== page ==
Bloomberg BNA
June 10, 2016
Category: Business & Politics
Region: United States

A new proposed class action accuses Weyerhaeuser Co., one of the largest forest products companies in the world, of illegally terminating retirees’ vested lifetime health-care benefits. Weyerhaeuser in January 2015 unilaterally terminated its contributions to the retirees’ health plan in violation of the Employee Retirement Income Security Act, according to a complaint filed June 8 in the U.S. District Court for the District of Oregon. The retirees seek reinstatement of their benefits and $7.8 million in damages allegedly suffered after the company stopped making contributions to the plan. James Kepner and three other retirees, on behalf of themselves and others similarly situated, allege that they were recruited and retained by Weyerhaeuser as salaried employees based in part on the company’s benefits package, which included lifetime health-care benefits for retirees.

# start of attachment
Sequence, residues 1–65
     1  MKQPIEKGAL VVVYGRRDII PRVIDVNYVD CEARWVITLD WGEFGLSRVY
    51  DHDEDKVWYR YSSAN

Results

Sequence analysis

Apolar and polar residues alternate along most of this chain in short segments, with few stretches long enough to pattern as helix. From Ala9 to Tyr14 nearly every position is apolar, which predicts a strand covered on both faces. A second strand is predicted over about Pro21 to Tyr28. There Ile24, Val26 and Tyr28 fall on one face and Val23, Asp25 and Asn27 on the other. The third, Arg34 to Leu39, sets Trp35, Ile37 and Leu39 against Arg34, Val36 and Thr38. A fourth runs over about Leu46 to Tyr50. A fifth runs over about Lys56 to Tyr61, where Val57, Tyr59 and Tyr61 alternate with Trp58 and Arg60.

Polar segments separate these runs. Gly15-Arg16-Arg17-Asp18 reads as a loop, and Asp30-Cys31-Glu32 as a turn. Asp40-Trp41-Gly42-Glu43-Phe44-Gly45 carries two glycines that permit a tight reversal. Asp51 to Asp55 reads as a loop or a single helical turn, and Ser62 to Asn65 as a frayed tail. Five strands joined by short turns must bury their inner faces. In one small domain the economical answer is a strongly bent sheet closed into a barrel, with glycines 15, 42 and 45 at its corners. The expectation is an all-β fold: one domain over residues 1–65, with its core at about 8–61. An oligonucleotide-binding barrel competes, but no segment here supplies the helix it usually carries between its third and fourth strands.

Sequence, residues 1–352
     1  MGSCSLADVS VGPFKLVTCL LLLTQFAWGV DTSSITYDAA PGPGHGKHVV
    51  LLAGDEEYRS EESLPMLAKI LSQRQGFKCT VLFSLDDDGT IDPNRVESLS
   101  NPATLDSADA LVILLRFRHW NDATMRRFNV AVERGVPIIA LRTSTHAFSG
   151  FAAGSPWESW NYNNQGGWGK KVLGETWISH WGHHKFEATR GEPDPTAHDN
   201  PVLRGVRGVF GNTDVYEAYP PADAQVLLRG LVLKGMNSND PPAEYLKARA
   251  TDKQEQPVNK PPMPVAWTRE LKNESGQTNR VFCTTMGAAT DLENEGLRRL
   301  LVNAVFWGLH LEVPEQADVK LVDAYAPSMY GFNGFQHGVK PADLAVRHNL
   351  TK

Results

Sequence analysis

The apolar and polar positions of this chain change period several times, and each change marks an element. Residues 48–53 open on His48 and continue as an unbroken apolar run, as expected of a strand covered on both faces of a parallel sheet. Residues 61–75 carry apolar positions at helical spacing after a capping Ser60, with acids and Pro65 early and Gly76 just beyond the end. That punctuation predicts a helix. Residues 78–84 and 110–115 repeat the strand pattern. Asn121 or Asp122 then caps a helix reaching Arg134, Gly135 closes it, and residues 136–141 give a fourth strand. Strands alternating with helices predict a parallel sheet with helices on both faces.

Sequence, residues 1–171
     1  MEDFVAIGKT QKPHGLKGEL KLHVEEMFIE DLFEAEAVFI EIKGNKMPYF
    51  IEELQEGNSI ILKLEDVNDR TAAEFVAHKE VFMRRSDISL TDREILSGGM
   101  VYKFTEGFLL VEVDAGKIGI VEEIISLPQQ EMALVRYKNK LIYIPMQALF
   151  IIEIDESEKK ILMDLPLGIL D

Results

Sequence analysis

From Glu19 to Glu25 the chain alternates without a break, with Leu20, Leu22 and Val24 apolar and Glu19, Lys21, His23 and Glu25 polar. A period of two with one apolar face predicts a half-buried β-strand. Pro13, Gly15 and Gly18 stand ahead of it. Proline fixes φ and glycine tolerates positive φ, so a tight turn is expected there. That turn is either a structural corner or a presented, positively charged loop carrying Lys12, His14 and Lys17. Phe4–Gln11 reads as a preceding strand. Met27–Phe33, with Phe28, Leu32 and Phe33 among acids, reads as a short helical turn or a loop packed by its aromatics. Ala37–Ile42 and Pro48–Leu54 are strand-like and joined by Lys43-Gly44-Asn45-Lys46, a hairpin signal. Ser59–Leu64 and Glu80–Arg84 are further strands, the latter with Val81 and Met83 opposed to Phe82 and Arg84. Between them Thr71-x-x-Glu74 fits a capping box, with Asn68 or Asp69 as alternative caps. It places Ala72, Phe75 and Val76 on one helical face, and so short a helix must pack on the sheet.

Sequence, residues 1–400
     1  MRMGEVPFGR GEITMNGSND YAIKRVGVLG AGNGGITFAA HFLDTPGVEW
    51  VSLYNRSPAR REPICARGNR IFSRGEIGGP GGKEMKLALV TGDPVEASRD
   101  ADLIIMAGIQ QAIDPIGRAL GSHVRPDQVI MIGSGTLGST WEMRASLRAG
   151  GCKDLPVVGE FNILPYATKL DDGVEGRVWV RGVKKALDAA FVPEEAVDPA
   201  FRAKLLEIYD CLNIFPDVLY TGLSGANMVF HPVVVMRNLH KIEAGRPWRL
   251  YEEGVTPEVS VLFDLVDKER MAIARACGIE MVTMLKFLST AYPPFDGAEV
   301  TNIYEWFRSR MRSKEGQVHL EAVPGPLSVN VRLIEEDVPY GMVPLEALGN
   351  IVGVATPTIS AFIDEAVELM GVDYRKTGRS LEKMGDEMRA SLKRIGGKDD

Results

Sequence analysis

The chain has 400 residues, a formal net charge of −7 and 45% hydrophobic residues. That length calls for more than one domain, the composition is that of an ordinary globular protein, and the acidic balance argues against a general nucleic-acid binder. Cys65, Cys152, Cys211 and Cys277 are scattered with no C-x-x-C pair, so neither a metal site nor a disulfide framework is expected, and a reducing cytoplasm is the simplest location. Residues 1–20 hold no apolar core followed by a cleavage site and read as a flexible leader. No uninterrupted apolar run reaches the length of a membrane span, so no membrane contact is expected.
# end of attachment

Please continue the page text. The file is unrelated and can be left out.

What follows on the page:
Read More

Södra’s members increased volumes of wood deliveries

Lesprom
June 10, 2016
Category: Business & Politics
Region: International

Södra’s members are delivering increasingly higher volumes of wood to the company’s industries. A focus on improved forest management has led to a steady increase in forest growth. This, in turn, has enabled more harvesting. In southern Sweden, growth is so strong that forest stocks are rising as harvesting operations increase. “Our members are managing their forests so well that forests are now growing better than ever. And, although we continue to harvest more forest, there is still more forest remaining. This is a very positive trend,” says Håkan Larsson, President of Södra Skog. There is so much potential for trees as a raw material and we need to use the forest more actively if wewant to meet the challenges of climate change and the transition to a fossil-free society.” Most of the wood delivered by Södra’s members is softwood – pine and spruce.

Read More